Splitting up can bring tax pain, too
The emotional grief associated with a separation or divorce is often so great that rarely any time or energy is spent on basic tax planning to ensure that when assets are ultimately separated any future tax pain is minimized.
Under the Income Tax Act, property can be transferred to a former spouse or common-law partner at its adjusted cost base (ACB) or tax cost in order to satisfy a property settlement arising from the breakdown of a marriage or relationship.
In the case of separation, the attribution rules that normally attribute any income or gains back to the transferor spouse don't apply for income such as interest or dividends, but would apply to future capital gains. However, the separating spouses or partners can make a joint election to avoid this future attribution.
Once a divorce is finalized, neither future income nor gains will attribute back to the transferor spouse.
Elliot Birnboim, a family and civil litigator with Toronto law firm Chitiz Pathak LLP, counsels high net-worth clients in divorce law and marriage/ cohabitation agreements. He says that tax considerations can form a significant component in establishing a fair asset split between separating or divorcing spouses.
"Your lawyer is negligent if they're not considering the tax implications of any equalization payment, whether in the context of the valuation of assets or the method of payment," Mr. Birnboim says.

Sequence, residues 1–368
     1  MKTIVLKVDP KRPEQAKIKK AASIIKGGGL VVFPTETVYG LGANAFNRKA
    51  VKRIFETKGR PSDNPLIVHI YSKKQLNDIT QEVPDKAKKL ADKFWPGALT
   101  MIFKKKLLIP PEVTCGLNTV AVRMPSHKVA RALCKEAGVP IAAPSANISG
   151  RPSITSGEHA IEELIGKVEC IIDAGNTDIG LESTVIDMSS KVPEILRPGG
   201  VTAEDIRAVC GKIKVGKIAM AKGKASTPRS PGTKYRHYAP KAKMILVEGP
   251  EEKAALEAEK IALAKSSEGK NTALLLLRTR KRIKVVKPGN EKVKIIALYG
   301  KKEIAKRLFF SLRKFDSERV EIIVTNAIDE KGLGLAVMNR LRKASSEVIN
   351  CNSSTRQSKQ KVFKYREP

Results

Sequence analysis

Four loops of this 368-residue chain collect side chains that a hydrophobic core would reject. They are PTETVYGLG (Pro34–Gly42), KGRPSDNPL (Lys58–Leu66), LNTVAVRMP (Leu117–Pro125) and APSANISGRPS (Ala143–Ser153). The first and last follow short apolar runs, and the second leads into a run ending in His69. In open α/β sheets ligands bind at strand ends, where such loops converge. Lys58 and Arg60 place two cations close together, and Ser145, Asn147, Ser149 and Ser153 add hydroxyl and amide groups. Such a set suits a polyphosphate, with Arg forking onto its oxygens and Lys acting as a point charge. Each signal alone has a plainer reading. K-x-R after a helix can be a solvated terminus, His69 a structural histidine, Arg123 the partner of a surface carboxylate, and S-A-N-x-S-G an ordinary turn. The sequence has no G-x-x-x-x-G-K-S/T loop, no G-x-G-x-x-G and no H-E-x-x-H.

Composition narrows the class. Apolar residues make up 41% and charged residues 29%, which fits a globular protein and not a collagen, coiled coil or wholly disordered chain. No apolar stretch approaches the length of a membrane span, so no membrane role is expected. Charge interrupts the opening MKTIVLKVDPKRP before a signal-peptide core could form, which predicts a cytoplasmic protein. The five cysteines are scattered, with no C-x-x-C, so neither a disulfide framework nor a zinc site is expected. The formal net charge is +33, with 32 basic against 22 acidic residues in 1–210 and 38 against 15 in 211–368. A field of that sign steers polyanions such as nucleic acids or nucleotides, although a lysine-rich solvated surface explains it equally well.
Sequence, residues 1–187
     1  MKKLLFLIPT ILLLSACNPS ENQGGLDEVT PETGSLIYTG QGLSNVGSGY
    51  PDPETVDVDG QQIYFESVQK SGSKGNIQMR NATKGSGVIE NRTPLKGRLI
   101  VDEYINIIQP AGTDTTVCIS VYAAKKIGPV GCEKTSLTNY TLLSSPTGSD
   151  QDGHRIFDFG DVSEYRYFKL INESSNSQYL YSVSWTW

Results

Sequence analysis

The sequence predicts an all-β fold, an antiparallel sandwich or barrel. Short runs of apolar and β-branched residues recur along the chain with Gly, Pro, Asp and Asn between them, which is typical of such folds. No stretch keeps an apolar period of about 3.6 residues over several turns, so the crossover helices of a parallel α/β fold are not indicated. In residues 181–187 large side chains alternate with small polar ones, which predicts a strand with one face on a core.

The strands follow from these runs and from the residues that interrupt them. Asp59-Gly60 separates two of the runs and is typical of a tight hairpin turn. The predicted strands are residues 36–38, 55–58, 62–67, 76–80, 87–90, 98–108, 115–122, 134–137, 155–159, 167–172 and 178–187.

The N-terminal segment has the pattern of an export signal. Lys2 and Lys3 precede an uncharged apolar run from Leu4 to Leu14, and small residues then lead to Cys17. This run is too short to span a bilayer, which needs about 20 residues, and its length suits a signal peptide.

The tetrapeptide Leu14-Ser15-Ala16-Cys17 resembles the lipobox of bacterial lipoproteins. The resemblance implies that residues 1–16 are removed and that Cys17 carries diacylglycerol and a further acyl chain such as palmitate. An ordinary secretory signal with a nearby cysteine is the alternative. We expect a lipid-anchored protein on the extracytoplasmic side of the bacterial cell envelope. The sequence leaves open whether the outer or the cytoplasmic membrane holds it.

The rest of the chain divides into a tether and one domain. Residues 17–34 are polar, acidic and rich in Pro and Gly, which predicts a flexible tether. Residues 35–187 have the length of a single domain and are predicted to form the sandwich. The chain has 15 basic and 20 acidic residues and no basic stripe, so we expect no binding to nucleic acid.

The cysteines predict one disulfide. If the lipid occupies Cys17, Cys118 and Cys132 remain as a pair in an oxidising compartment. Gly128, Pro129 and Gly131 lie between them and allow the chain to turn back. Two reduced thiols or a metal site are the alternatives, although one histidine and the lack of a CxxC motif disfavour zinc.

Take the common scenario in which a divorcing couple jointly owns both a house and a cottage. As part of the divorce settlement, she keeps the matrimonial home (the couple's "principal residence") in the city and he keeps the cottage, which would subsequently become his principal residence.
Since both properties were owned jointly, he is essentially transferring his 50% interest in their home to his wife, while she is transferring her 50% interest in the cottage to him.
As discussed above, the transfer by the couple of their respective interests in both the house and cottage can be done on a tax-deferred basis. Furthermore, any gains or losses that may be realized on a subsequent sale of either the house or cottage won't be attributed back to the transferors as long as they make the joint election.
So, what happens when either the property or the home is ultimately sold?
The wife could claim the principal residence exemption on the sale of the home and thus pay no tax. When he sells the cottage, however, he may face a tax liability since only one property can be designated as a principal residence by a couple for a particular year.
Since the home was designated by the couple as their principal residence for the years prior to their separation, the principal residence exemption on the cottage would only be available to him for those years subsequent to their separation, assuming he doesn't buy another home, further complicating matters.
Thus, any tax accruing and ultimately owing by him on the cottage up to the date of separation needs to be taken into account to properly value this asset for purposes of any spousal equalization payment.
Clearly, both professional legal and tax advice should be sought in these situations.